Monday, November 12, 2012

'The Good Wife' Season 4, Episode 7 Recap

Posted By on Mon, Nov 12, 2012 at 11:43 AM

But I dont understand ... I just said penis ... why arent you laughing?
  • CBS
  • "But I don't understand ... I just said penis ... why aren't you laughing?"

Oh Case of the Week, must you torment me so? Occasionally, the "ripped from the headlines" approach can work well both in having built-in inside jokes as well as the opportunity to re-visit perhaps a controversial issue on one's own terms, exploring nuances or alternative outcomes. Sometimes, though, that waivers too dangerously into meta humor that is not so much jokey as just eye-rolling. The part of "Anatomy of a Joke's" COTW that worked was about how Therese (Christina Ricci - yet another guest star!) wasn't really trying to achieve anything more than a cheap laugh poorly executed. The part that failed was the hardly-veiled disdain by the show for, not the FCC's regulations, but the network's, including a few meta-barbs at "being delayed because of football" (as "The Good Wife" often is).

"Anatomy of a Joke" wasn't content to stop there, though - it employed the ole trick of getting past the censors with creative bleeping (which in this case it did with sudden traffic outside of the courthouse whose window was stuck open), and lamented the inability of network shows to show nudity or use profanity. Like "The Good Wife," maybe? Were they steamed that there wasn't the opportunity for naked Kalinda / Nick or naked Alicia / Will? Or for them to curse or show gratuitous violence? It's mostly weird because "The Good Wife" is, lest it forget, a legal procedural, not "Game of Thrones."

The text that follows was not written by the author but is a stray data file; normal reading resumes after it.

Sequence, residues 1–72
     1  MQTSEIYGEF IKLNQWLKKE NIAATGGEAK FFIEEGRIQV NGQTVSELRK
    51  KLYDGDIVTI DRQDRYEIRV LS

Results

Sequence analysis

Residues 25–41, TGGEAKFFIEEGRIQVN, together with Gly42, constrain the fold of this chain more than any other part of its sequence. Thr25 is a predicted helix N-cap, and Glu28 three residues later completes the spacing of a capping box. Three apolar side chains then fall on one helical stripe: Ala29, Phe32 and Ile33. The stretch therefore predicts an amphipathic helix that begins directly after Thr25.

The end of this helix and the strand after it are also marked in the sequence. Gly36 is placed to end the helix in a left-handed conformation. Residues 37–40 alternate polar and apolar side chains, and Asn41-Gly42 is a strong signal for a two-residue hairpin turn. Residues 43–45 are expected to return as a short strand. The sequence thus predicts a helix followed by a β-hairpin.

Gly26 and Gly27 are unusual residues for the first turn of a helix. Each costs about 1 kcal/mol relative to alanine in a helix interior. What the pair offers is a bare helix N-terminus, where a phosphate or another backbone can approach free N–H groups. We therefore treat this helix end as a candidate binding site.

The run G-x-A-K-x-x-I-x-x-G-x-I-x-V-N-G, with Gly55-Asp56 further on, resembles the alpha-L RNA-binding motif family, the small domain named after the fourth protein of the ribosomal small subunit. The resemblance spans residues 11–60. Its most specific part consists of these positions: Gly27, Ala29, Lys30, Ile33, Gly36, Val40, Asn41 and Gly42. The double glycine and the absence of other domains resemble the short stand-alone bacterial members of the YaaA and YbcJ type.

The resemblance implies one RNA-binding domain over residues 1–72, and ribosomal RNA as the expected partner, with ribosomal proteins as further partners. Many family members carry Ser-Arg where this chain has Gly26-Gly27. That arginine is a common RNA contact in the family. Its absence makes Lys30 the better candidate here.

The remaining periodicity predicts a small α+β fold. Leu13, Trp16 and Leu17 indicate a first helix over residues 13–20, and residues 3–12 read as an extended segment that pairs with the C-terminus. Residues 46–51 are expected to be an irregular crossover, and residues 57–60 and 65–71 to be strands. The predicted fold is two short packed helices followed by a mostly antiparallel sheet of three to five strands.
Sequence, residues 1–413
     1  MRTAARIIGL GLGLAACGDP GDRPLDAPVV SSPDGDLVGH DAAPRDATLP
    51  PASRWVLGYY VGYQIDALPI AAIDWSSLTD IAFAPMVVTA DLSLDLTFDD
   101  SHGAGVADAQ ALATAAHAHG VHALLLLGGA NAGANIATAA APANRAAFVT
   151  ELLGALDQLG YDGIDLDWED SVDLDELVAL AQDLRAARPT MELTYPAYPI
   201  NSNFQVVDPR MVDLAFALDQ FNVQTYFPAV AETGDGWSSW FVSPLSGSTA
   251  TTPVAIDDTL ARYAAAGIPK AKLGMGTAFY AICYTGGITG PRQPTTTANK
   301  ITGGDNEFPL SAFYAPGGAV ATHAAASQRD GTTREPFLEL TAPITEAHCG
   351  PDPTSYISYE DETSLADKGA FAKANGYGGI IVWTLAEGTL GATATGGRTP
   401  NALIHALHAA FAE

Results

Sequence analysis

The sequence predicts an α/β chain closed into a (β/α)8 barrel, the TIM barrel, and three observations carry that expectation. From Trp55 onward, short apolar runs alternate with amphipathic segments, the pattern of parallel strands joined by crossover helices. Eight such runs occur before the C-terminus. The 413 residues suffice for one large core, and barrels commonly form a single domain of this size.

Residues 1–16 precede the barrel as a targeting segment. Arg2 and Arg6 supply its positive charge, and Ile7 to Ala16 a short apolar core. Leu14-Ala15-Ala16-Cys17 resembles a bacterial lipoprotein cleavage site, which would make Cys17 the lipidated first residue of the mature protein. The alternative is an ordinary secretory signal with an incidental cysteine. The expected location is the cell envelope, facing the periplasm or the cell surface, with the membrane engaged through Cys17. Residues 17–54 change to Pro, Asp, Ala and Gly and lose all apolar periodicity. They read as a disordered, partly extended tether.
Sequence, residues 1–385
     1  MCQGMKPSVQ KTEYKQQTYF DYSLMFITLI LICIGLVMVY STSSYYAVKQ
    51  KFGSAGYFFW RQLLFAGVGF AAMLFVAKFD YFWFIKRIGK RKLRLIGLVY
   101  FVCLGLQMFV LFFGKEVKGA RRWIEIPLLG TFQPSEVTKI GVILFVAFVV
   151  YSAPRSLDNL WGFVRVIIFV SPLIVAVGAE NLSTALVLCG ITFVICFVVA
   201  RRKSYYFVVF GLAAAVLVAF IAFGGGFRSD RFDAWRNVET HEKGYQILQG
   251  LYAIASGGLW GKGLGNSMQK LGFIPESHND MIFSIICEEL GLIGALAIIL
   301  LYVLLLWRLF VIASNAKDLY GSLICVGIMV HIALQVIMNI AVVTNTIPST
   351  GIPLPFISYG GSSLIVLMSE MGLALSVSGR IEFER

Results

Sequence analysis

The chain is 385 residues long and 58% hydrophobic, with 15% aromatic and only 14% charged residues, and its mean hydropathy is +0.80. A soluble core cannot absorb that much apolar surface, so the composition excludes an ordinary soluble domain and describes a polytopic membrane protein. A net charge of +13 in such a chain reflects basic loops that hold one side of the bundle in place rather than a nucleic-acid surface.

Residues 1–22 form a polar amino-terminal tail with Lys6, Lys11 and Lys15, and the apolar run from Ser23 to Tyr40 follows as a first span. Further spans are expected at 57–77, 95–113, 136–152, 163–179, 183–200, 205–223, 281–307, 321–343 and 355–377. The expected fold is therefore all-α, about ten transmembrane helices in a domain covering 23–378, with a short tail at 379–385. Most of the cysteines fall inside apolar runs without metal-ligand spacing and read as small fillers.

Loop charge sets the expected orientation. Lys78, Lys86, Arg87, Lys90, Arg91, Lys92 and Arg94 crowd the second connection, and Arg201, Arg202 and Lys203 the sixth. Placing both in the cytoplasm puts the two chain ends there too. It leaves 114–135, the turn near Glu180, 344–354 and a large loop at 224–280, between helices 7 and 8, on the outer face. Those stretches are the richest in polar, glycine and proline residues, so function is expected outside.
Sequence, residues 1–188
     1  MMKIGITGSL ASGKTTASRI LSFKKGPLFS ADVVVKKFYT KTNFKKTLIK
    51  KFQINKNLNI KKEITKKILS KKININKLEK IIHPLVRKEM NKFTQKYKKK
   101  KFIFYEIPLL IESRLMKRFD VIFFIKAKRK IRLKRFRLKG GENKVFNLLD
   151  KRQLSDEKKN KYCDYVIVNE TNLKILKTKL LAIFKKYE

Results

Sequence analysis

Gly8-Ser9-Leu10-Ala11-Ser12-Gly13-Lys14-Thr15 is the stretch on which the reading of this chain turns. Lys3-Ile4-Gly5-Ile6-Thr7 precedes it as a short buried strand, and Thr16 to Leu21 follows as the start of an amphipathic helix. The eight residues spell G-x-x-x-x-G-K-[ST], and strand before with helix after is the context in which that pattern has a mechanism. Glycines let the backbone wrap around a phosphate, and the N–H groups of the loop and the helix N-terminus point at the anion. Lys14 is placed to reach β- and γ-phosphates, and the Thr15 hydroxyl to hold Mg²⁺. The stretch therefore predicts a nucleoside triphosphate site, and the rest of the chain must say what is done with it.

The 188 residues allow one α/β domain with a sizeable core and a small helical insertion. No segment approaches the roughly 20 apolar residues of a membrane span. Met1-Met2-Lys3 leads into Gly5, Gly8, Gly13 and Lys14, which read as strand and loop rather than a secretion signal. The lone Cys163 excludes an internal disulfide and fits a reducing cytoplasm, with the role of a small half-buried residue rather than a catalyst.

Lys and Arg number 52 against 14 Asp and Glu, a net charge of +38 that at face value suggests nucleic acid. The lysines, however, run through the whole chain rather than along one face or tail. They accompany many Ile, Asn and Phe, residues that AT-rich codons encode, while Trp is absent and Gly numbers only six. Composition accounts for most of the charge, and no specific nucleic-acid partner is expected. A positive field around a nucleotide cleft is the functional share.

The problem with these parts of "Anatomy of a Joke" is that they felt like an excited student's submission of a grand thesis that wasn't fully considered. "The Good Wife" enjoys subverting types, and as such it can sometimes flip characters so much we aren't sure what we're supposed to feel about them.

Lemond Bishop is an example of how this works successfully - he's a gangster, but he's cool and suave and we root for him, then feel conflicted for doing so. But Therese Dodd is a pretty lame comedian in a kind of type where much of the appeal comes from whether you find it subversive that an attractive woman says shocking things. Are we supposed to like Therese? Does it matter? Even she seems confused in the last hearing about why she tells the jokes she does.

In the end the point was that whatever pretenses people like to put up about decency, they're secretly tuning into this so-called "filth" and loving it. Hypocrites, betrayed by Nielsen! Take that!

The rest of "The Good Wife," was (per usual) heads and tails above the COTW plot. The penis birthmark subplot was funny, and a nice way to keep the political smut going without tearing Peter and Alicia further apart. In fact, the two shared some really nice moments, particularly working together at the end where Alicia would say whatever Eli wanted her to regarding said birthmark, and Peter would look into hiring Laura Hellinger (Amanda Peet).

Amanda Peet (guest stars galore!) should make for an interesting addiction to the cast, particularly as she goes up against Lockhart Gardner (the firm always needs to have some of their cases be against the State's Attorney's office, and with Peter in power again and Cary at LG, there needs to be a new frenemy on their side). Why it can't be Geneva I'm not sure - she's always been an underrated character and clearly a very competent attorney who has never fully gotten her due. Still, maybe with focus turning slightly back on that office (and her resentment of Laura) she'll be around more.